To Be Or Not To Be High? William Shakespeare's Pipes With Traces Of Cannabis


A team of scientists in South Africa have discovered residue of cannabis on 400-year-old smoking pipes believed to have been owned by the 17th century English poet and playwright William Shakespeare. This suggests that the renowned literary figure could have used the psychoactive substance during the creation of some of his masterpieces.

In a study featured in the South African Journal of Science, University of the Witwatersrand professor Frances Thackeray led a group of researchers in analyzing the fragments of 24 tobacco pipes that were unearthed in the garden of Shakespeare's Stratford-upon-Avon home. The smoking pipes, which were mostly made of clay, were provided to the team on loan from the Shakespeare Birthplace Trust.

Using a delicate process known as gas chromatography mass spectrometry, the Wits University researchers found traces of cannabis on eight samples of tobacco pipes from the Shakespeare's garden, two of the smoking instrument samples contained Peruvian cocaine made from the leaves of coca and at least one sample had residue of nicotine on it.

Experts theorize that the English playwright may have even been aware of the psychoactive properties of cocaine as an unusual compound, but that Shakespeare preferred the mind-stimulating effects of cannabis weed.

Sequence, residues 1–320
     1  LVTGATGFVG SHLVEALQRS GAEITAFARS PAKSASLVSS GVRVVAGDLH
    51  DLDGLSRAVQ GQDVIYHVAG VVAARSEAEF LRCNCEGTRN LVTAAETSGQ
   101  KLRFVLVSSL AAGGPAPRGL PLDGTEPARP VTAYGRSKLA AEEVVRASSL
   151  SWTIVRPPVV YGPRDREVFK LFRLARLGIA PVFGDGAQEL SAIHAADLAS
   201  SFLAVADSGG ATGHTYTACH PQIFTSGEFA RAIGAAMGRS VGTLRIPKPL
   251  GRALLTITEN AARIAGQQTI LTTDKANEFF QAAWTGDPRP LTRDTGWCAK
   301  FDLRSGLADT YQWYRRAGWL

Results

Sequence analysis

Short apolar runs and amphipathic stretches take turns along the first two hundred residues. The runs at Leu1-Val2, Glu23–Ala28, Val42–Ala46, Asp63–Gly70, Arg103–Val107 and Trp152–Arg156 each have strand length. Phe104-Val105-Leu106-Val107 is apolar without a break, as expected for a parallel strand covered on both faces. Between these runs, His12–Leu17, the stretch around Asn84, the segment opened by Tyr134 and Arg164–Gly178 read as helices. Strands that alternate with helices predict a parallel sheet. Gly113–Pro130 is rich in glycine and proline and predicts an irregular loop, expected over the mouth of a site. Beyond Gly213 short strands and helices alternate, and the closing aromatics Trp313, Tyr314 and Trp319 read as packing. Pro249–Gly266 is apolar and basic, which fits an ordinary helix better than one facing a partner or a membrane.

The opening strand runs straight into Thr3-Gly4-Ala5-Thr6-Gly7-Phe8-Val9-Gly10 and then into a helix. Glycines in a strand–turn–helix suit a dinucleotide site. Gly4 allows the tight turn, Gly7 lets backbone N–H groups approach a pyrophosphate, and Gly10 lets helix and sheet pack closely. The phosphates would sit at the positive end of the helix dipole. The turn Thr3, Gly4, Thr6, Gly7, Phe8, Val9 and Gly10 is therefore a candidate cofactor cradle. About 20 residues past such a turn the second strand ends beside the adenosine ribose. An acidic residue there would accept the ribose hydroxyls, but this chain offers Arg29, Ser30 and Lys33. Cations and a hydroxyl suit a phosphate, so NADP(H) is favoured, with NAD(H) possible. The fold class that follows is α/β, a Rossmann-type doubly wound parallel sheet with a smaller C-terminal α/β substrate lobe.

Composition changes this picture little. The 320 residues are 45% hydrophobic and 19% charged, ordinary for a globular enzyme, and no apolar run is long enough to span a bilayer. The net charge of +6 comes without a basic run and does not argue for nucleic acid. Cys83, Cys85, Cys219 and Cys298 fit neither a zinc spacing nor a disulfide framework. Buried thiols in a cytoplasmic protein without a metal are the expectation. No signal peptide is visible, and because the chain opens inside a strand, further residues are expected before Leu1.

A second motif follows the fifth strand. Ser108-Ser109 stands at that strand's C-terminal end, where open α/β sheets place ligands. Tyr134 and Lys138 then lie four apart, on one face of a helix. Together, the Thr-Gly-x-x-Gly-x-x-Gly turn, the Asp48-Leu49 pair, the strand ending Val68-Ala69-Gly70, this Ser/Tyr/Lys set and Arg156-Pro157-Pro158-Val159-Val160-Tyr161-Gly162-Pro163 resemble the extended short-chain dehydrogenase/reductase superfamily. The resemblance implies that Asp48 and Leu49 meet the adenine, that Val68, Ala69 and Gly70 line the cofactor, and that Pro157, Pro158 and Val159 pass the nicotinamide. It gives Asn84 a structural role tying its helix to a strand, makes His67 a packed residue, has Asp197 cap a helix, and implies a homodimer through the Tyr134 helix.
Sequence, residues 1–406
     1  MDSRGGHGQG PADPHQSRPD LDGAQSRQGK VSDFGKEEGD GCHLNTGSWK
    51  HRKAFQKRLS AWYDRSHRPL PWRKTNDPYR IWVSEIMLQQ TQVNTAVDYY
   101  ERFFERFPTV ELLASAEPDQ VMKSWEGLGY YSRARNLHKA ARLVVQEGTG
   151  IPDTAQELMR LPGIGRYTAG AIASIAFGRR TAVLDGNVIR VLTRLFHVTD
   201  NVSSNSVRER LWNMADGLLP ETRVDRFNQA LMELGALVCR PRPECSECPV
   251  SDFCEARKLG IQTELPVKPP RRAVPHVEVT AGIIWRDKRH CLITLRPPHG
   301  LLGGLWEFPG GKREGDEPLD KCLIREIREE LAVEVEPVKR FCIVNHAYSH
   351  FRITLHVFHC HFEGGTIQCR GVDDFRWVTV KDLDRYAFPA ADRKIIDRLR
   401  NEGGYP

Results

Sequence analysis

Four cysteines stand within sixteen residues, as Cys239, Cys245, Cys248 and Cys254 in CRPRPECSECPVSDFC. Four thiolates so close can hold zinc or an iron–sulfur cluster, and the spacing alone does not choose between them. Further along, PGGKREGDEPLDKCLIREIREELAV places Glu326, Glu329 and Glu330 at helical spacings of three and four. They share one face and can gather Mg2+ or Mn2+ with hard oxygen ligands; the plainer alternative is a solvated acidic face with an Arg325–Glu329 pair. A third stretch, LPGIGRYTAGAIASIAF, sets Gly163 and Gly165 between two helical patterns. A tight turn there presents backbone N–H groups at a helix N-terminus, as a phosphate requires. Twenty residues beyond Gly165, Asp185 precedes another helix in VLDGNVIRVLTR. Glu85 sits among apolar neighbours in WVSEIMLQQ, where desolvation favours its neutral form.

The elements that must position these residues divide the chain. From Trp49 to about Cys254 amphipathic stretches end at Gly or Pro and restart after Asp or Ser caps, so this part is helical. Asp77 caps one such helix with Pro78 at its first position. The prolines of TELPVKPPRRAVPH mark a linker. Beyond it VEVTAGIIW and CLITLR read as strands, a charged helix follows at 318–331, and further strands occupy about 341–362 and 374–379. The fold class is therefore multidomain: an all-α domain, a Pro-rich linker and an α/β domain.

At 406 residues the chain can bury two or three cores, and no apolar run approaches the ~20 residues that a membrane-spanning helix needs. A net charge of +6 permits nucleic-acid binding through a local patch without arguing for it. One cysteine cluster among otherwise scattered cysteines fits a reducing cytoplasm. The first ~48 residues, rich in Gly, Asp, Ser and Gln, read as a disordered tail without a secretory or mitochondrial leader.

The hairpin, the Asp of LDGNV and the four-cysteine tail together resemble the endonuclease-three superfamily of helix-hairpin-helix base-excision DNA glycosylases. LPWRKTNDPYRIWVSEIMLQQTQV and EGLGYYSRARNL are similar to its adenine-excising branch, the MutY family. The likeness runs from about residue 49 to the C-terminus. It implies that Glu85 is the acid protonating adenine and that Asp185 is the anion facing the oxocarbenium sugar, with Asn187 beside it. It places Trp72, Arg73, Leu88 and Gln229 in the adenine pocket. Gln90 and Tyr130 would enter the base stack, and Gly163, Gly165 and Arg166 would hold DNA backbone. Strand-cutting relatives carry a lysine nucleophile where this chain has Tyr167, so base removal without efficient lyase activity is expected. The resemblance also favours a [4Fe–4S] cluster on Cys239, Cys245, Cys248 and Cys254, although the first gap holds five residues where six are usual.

Subtle hints of this assertion can be found in some of Shakespeare's well-known work, such as in Sonnet 76 where the poet wrote about an "invention in a noted weed." Some believe that this line pertains to Shakespeare's willingness to use cannabis to help him in creative writing.

In the same sonnet, Shakespeare hinted that he did not wish to be associated with the use of "compounds strange," which could be potentially interpreted as strange drugs known today as cocaine.

Shakespeare's Sonnet 76 may be related to his command of wordplay, in part relating to drugs, such as weed and compounds, and in part to a writing style that is typically associated with literary compounds and clothing.

The analyses of the chemical traces on the 17th century smoking pipes confirm that several different kinds of plants were smoked by people in Europe. Evidence found through chemical science and literary analyses can help scientists understand Shakespeare and many of his contemporaries.

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